The financial independence you get as a young adult is both exciting and challenging. For many young people, living on their own and choosing how to spend money can be a rush. A big part of financial independence is building good credit. Good credit will help you qualify for loans, auto insurance, rentals, cell phone plans and so much more. It can even affect whether or not you get a job. Unfortunately, it can be hard to build credit as a young adult. The Credit Card Accountability, Responsibility and Disclosure Act (Credit CARD Act) has made it even tougher to build credit when you have none. Luckily, there are some things you can do to build good credit as a young adult. The following are the top ten tips to build credit when you are young.
- Use self-control and take care of your financial future. No matter what else you do to build good credit, it will all be for nothing if you develop bad spending habits while you are young. Spending beyond your means using credit can be a slippery slope, especially when you develop these habits while you are young. Make sure to take care of your financial future by starting with good habits now.
- Capitalize on a parent’s good credit by opening a joint account or line of credit. This practice, known as piggybacking, allows you to boost your own credit by establishing financial ties. Thanks to the Credit CARD Act, people under the age of 21 now must have a co-signer or show proof of independent income to get approved for a card in their own name anyways, so it may not be possible to do so on your own before this time.
- Get a secured credit line. Since a secured credit card is tied to collateral held in a bank account, it is easy to secure this type of credit. This is helpful later, because most creditors will be willing to offer a typical unsecured card after 12 to 18 months of using it responsibly.
- Open a retail card. While they have less of an impact on your credit score overall, retail credit cards from stores like Target or Amazon are easier to obtain than regular unsecured cards. They help you to build credit slowly, but don’t abuse your credit line.
- Shop around for the right credit card for you before signing up. While it may be tempting to take the first card offered to you, finding the right card is important if you don’t want to be hit by hidden costs later. Look for one with a lower interest rate, no annual fees, reasonable credit limits, and clear billing policies.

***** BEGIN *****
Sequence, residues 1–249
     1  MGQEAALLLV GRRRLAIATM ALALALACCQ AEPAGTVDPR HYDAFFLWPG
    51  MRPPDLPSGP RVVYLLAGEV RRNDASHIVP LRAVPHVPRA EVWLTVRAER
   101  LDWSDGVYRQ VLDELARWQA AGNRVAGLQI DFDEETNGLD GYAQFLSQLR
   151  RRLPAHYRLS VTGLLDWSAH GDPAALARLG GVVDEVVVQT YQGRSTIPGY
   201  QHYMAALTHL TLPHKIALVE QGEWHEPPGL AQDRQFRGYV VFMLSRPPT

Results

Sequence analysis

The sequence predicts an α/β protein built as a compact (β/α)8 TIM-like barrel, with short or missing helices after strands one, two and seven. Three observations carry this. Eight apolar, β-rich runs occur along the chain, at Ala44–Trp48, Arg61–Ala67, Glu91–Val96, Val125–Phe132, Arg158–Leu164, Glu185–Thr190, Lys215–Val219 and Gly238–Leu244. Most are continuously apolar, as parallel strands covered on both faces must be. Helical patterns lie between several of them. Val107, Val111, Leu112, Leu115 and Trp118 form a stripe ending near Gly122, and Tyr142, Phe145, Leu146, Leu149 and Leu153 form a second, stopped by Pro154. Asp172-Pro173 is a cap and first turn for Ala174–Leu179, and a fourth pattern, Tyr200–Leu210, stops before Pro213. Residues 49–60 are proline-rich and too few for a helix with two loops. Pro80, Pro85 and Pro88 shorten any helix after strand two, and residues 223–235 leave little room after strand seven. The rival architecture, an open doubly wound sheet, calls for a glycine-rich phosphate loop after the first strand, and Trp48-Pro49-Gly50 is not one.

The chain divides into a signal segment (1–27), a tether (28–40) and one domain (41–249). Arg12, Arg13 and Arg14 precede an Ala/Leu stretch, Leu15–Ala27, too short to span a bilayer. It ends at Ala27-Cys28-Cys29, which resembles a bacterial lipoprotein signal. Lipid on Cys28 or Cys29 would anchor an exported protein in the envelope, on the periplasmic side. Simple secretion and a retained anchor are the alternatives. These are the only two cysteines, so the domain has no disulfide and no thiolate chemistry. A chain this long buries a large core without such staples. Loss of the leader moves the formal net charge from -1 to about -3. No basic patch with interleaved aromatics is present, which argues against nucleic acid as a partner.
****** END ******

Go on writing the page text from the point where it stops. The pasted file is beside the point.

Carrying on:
- Don’t apply for a lot of credit cards at once. If you apply for too much credit in a short period of time, it appears as though you have a need for the money that is desperate. This doesn’t reflect well on a borrower, and your credit score will fall.
- Use your card for small, recurring purchases. If you want to build credit, you neither want to ignore the card, nor use up the balance every month. By attaching the card to a nominal monthly purchase, such as a Netflix subscription or the Internet bill, you ensure that the card gets regular use without letting your spending get out of control.
- Use student loans only for educational expenses and only if you truly have need for them. Student loans hold many young people back financially for years after graduation. While they can build credit when done correctly, you will only hurt your credit in the long run if you run up a big debt, because your debt to income ratio will be out of balance. Keep student loans to the minimum amount needed to finance school.
- Pay off credit cards every month. If you have credit cards truly as a method to build credit only, you should be able to afford the balance each month. Don’t use a credit card to make purchases outside your means. Plus, this way you avoid hefty fees usually imposed on young adults with a short credit history.
- Pay all your bills on time. More and more credit checks are including a look at your bill paying history beyond just loans as required by the FICO score. If you are late on your rent, taxes, or utilities bills, this can come back and hurt your credit score later. Make sure to plan bill payments carefully. Even an unpaid parking fine can do damage to your credit score.
If you follow these ten tips for building good credit, you will be able well on your way to a brighter financial future. Just because you are young doesn’t mean you don’t have a way to build credit. With time and good habits, you can get the good score you need to buy a home or get a loan for your future.
For people trying to improve their credit after bankruptcy, all of these tips can be useful as well. We have helped many people who have experienced debt problems come back from bankruptcy to repair their credit. If you’re wondering what your options might be, contact the Cleveland bankruptcy lawyers at Luftman, Heck & Associates for a free legal consultation today – (216) 586-6600.